Nitroheterocycles as antiparasitic drugs
The active collaboration of our team with Profs. A. Gómez Barrio and J. A. Escario (Department of Parasitology, Faculty of Pharmacy, UCM), Y. Marrero and A. Meneses (Central University of Las Villas, Cuba), C. Olea (University of Chile), M. Sánchez Moreno (University of Granada) and R. Mondragón (CINVESTAV, México), has led to the discovery of several nitroheterocyclic compounds showing remarkable in vivo and/or in vitro activities against different protozoan parasites. We can mention the activities of some indazole and quinoxaline derivatives against Trypanosoma cruzi, Trichomonas vaginalis, Leishmania spp., and Toxoplasma gondii.
Discovery of nitroheterocycles with antichagasic activity
A phenotypic (whole cell) screening of our library of nitroheterocycles showed that 2-benzyl-1-methyl-5-nitroindazolin-3-one is a very active lead compound against T. cruzi. Structure-activity relationship studies explored the effect on activity of (a) introducing different alkyl, aryl and arylalkyl groups at position 2 of indazolinone ring, and (b) introducing benzyl moieties with substituents of different nature at position 2. In this step, the most active compounds were 1a–c (Figure 5) (IC50 = 1-2 μM for epimastigotes of T. cruzi, similar to that of standard antichagasic drug nifurtimox) (Vega et al., Eur. J. Med. Chem. 2012, 58, 214-227).
A major drawback of the mentioned indazole derivatives is their very low water solubility and their poor pharmacokinetic properties. We have observed that indazolinones do not support much variation at position 2 but they accept a large number of differently substituted groups at position 1 without considerable loss of activity. We are currently working on different synthetic strategies to improve the pharmacokinetic properties of these leads.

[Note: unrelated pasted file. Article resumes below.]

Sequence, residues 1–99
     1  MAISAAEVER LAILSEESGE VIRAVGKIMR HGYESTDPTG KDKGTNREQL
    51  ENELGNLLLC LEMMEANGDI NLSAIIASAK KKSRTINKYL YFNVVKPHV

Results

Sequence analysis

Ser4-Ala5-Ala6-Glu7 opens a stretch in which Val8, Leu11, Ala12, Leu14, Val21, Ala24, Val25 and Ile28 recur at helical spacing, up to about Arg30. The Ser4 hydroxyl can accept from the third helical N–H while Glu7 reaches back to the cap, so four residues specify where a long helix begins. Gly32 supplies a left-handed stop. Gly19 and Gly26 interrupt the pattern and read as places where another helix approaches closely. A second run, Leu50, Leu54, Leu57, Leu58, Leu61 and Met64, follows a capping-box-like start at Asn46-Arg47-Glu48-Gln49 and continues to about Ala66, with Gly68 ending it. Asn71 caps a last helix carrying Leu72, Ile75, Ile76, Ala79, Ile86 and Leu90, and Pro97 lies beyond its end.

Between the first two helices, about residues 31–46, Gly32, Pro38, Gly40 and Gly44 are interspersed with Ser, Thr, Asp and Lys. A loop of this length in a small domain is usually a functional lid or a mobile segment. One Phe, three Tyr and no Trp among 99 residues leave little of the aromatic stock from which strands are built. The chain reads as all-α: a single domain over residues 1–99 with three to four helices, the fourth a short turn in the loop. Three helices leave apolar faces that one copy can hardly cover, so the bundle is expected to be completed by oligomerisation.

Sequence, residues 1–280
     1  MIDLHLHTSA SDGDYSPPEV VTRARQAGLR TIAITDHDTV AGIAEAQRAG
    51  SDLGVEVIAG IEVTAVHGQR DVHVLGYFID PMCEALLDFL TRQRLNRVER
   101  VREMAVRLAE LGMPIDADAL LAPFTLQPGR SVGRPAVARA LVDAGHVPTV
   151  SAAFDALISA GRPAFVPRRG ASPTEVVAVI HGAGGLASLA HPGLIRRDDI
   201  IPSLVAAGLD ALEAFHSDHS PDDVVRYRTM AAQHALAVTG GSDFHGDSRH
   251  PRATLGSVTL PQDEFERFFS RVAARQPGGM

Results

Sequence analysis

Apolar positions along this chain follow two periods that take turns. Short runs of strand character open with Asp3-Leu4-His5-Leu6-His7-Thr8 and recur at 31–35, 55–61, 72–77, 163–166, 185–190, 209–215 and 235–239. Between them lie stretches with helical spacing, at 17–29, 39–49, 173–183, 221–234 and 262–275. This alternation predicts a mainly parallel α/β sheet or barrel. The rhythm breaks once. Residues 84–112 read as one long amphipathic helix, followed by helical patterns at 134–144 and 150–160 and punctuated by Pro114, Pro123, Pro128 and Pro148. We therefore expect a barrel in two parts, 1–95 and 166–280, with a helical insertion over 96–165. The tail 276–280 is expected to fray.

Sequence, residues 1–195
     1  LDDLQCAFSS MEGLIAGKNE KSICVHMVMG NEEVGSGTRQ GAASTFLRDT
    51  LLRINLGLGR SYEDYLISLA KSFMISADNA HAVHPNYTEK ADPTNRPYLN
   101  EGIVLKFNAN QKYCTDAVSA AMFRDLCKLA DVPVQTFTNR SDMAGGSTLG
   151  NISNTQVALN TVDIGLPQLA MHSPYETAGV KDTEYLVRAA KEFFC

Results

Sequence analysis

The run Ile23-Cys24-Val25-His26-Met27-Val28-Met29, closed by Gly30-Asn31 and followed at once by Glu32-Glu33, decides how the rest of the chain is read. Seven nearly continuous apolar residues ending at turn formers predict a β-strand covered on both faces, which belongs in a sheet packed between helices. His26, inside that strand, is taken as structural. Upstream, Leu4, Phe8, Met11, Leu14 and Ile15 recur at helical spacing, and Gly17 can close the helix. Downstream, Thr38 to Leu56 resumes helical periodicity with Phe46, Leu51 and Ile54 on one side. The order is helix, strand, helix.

For instance, we have prepared derivatives containing ω-hydroxyalkyl chains at positions 1 of the indazole ring; these compounds (e.g. 1d,e) are very active but also rather insoluble in water. On the other hand, derivatives such as 1f, containing carboxylic acids moieties at position 1 are water-soluble salts but, unfortunately, they display poor antiparasitic activity (Fonseca-Berzal et al., Eur. J. Med. Chem. 2016, 115, 295-310). Currently, we are working in the preparation of derivatives containing ω-aminoalkyl chains at position 1 of indazolinone ring.
Discovery of nitroindazoles active against Leishmania spp., Trichomonas vaginalis, and Toxoplasma gondi
We have discovered that compounds 1 as well as 2 are also active against Leishmania spp. (Arán et al., unpublished results; Marín et al., Acta Trop. 2015, 148, 170-178), while indazoles 3 are, up to now, the best trichomonacidal compounds we have found (Arán et al., unpublished results). On the other hand, quinoxalinones such as 4 are effective against Toxoplasma gondii (Rivera Fernández et al., Parasitol. Res. 2016, 115, 2081-2096).
Mechanism of action studies
Nitro derivatives active against protozoan parasites act, via an initial metabolic reduction, through the final production of reactive oxygen species (ROS) or electrophilic metabolites able to damage essential biomolecules of parasites such as thiols, lipids, proteins, DNA, etc.
It has been proposed that the interference with glycosomal or mitochondrial enzymes involved in the catabolism of these parasites could contribute to the activity of some 5-nitroindazoles (Muro et al., Eur. J. Med. Chem. 2014, 74, 124-134). However, the precise mode of action of our indazole and quinoxaline derivatives needs to be investigated more thoroughly. In this context, we are working on the design of fluorescent probes to label the parasites’ organelles targeted by these compounds.